US Commercial Property
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NCREIF Property Index (Q3)

The NCREIF index recorded a huge 5.2% quarterly return in Q3 thanks to further improvement in all sectors. With no sign of any let-up in investment demand, that puts annual returns on course to exceed 15% for the first time since 2007. Meanwhile, with a return of 10.9% q/q, the industrial sector is set for record performance of well over 30% this year, reflecting its status as the darling of the industry.
Kiran Raichura Senior Property Economist
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US Commercial Property Data Response

Commercial Property Lending (Dec.)

Commercial real estate debt ended 2021 with its largest monthly increase since the onset of the pandemic. Against a backdrop of strong investment activity, we expect commercial property lending to have a strong start to 2022.

17 January 2022

US Commercial Property Update

Comparing office occupancy changes across US metros

Combining the change in leased space with the rise in sublease availability gives a more complete picture of the change in demand across office metros since the onset of the pandemic. This gives a more intuitive match between demand patterns and rental trends that we have seen so far. This Update forms part of a set of publications that extend our existing office and apartment market analysis beyond the six major metros that we currently forecast. Over the coming weeks, we will be expanding our coverage to include an additional 11 US metros in our regular quarterly analysis and forecasts. That will include the release of a new metro focused Chartbook and enlarged office and apartment metro Outlooks.

11 January 2022

US Commercial Property Update

Key calls for US commercial real estate in 2022

The US economy is set to slow this year as elevated inflation and higher interest rates squeeze spending. Nevertheless, at the all-property level, we expect rental growth of around 3% y/y and NOI yields to see another large fall, driving double-digit total returns. Industrial will again be at the top of the table, with returns reaching 20%, but the three other major sectors should all see returns of close to 10%. We also expect another year of outperformance for the cheaper Sunbelt markets.

6 January 2022

More from Kiran Raichura

US Commercial Property Focus

How pandemic changes will affect US metros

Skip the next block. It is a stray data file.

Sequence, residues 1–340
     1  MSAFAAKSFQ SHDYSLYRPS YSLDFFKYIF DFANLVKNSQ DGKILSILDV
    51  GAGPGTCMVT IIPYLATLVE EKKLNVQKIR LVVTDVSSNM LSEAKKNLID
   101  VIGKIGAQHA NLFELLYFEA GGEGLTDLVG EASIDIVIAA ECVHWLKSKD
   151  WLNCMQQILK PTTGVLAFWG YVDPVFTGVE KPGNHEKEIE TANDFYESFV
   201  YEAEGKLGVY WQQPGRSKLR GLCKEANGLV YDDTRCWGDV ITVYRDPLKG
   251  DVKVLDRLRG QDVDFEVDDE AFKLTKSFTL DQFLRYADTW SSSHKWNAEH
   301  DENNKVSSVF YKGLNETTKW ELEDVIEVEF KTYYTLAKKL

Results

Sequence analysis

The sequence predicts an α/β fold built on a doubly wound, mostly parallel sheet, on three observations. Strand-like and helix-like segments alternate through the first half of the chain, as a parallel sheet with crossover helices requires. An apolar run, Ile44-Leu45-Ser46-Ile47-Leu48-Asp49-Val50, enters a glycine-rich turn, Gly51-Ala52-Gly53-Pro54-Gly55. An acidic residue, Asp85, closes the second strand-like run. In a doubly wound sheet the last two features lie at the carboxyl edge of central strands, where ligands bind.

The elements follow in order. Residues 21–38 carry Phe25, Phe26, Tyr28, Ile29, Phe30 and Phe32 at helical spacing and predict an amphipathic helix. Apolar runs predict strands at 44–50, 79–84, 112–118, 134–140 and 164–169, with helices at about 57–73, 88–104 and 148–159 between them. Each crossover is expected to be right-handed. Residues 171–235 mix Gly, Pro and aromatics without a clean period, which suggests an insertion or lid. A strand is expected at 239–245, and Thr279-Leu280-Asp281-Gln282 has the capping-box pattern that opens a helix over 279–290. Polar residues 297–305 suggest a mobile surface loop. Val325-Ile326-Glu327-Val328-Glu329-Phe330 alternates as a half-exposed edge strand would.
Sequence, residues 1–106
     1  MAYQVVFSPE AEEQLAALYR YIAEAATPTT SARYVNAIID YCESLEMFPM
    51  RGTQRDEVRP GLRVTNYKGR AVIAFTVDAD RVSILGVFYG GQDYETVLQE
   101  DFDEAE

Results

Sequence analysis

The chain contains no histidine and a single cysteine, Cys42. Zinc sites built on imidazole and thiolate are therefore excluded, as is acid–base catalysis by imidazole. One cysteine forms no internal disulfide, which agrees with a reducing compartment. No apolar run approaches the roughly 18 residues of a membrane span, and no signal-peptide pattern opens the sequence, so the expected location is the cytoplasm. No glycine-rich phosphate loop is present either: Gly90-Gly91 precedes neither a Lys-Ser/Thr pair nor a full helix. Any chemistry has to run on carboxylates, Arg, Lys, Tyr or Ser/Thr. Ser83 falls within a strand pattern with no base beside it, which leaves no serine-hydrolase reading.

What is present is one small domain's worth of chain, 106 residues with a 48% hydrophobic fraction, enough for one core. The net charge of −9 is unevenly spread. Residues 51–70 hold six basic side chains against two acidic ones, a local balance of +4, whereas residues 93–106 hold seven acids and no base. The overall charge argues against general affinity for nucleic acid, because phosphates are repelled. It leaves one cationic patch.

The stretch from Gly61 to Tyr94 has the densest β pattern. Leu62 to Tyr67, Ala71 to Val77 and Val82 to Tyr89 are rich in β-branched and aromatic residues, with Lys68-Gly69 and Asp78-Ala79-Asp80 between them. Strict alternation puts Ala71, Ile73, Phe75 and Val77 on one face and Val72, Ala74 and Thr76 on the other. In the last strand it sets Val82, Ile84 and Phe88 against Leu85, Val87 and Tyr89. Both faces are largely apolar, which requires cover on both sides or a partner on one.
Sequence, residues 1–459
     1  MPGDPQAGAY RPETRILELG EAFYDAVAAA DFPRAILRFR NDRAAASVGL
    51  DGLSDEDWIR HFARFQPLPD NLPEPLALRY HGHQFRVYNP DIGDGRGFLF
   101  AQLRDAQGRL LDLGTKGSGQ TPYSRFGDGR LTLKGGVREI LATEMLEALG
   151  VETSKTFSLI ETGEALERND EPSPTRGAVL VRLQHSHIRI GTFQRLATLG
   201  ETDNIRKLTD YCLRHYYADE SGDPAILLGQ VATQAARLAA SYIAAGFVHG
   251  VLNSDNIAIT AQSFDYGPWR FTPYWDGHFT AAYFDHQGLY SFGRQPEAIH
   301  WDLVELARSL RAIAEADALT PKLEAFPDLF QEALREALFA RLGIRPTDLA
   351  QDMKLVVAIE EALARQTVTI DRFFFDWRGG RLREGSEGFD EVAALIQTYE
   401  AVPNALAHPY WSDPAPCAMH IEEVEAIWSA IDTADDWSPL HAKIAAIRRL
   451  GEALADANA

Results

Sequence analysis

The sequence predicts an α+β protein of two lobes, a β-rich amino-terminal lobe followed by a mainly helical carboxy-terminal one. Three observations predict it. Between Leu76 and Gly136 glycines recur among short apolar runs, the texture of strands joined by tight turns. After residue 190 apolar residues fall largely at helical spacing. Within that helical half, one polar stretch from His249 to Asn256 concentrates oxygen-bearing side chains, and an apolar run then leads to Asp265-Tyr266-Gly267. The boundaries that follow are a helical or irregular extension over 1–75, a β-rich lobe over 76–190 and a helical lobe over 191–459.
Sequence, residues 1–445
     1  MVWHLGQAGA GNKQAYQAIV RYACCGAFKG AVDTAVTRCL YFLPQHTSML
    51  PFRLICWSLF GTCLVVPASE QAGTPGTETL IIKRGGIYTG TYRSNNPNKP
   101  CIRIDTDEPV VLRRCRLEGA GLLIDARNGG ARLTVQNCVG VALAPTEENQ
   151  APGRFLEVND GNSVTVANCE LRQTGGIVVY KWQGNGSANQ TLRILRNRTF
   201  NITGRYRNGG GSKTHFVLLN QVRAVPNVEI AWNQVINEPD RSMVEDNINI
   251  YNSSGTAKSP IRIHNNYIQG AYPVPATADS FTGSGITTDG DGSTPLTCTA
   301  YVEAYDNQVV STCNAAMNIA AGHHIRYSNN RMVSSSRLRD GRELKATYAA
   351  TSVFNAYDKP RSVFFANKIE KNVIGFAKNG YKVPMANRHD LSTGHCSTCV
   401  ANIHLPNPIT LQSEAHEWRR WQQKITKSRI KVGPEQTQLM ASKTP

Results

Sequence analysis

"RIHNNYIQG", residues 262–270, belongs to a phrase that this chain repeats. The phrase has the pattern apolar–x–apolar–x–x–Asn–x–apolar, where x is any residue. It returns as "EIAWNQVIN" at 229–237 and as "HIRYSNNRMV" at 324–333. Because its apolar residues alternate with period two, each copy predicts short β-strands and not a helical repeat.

Americans are returning to cities, but the return to the office has been much slower. We see suburban areas being net winners in the residential and retail sectors, although the picture for downtown versus suburban offices is less obvious than the national data currently suggest. What is clear is that the winning metros will tend to be cheaper, and in mostly southern states. These will attract newly footloose workers, which will directly support the residential markets in those metros and will also have a positive effect on demand for office, retail, leisure and industrial space. In view of the wider interest, we are also sending this US Commercial Property Focus to clients of our US Housing service

22 October 2021

US Commercial Property Update

Downtown offices not losing out everywhere

National office data suggest that suburban office markets have significantly outperformed downtown offices since the onset of the pandemic. But metro-level data point to a more nuanced picture in which metros reliant on commuting have seen downtown areas hit hardest, but those with a decent share of reverse commuters have seen a more balanced picture. The next 12 months will help to determine whether this is a temporary or longer-term factor.

18 October 2021

US Commercial Property Update

Will remote working migrants drive office demand?

In-migration to southern metros with relatively low living costs and high desirability will be positive for office demand in those same metros. We think firms will be encouraged to set up offices in those locations given the growth in their skilled labour pools and the potential economic benefits. This means that, at the margin, rather than office-using jobs attracting talent, the location of the talent will attract firms.

4 October 2021
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